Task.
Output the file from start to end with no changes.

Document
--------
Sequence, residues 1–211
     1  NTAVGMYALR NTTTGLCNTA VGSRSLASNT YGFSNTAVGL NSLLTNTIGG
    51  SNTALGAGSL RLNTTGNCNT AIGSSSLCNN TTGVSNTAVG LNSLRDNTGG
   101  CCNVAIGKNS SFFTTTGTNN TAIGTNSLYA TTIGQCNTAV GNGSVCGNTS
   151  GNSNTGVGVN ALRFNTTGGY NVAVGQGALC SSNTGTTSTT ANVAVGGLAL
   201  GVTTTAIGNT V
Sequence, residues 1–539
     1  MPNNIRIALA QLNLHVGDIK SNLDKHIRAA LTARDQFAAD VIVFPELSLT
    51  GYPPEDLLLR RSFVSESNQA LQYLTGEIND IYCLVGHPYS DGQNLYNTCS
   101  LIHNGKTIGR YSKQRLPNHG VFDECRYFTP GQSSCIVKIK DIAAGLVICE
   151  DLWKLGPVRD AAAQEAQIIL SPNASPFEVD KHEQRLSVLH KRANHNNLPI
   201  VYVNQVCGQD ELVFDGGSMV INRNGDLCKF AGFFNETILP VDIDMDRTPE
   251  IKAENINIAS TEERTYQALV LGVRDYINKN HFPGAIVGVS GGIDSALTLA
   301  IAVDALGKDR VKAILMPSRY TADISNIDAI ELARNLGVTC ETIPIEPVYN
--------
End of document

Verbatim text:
Sequence, residues 1–211
     1  NTAVGMYALR NTTTGLCNTA VGSRSLASNT YGFSNTAVGL NSLLTNTIGG
    51  SNTALGAGSL RLNTTGNCNT AIGSSSLCNN TTGVSNTAVG LNSLRDNTGG
   101  CCNVAIGKNS SFFTTTGTNN TAIGTNSLYA TTIGQCNTAV GNGSVCGNTS
   151  GNSNTGVGVN ALRFNTTGGY NVAVGQGALC SSNTGTTSTT ANVAVGGLAL
   201  GVTTTAIGNT V
Sequence, residues 1–539
     1  MPNNIRIALA QLNLHVGDIK SNLDKHIRAA LTARDQFAAD VIVFPELSLT
    51  GYPPEDLLLR RSFVSESNQA LQYLTGEIND IYCLVGHPYS DGQNLYNTCS
   101  LIHNGKTIGR YSKQRLPNHG VFDECRYFTP GQSSCIVKIK DIAAGLVICE
   151  DLWKLGPVRD AAAQEAQIIL SPNASPFEVD KHEQRLSVLH KRANHNNLPI
   201  VYVNQVCGQD ELVFDGGSMV INRNGDLCKF AGFFNETILP VDIDMDRTPE
   251  IKAENINIAS TEERTYQALV LGVRDYINKN HFPGAIVGVS GGIDSALTLA
   301  IAVDALGKDR VKAILMPSRY TADISNIDAI ELARNLGVTC ETIPIEPVYN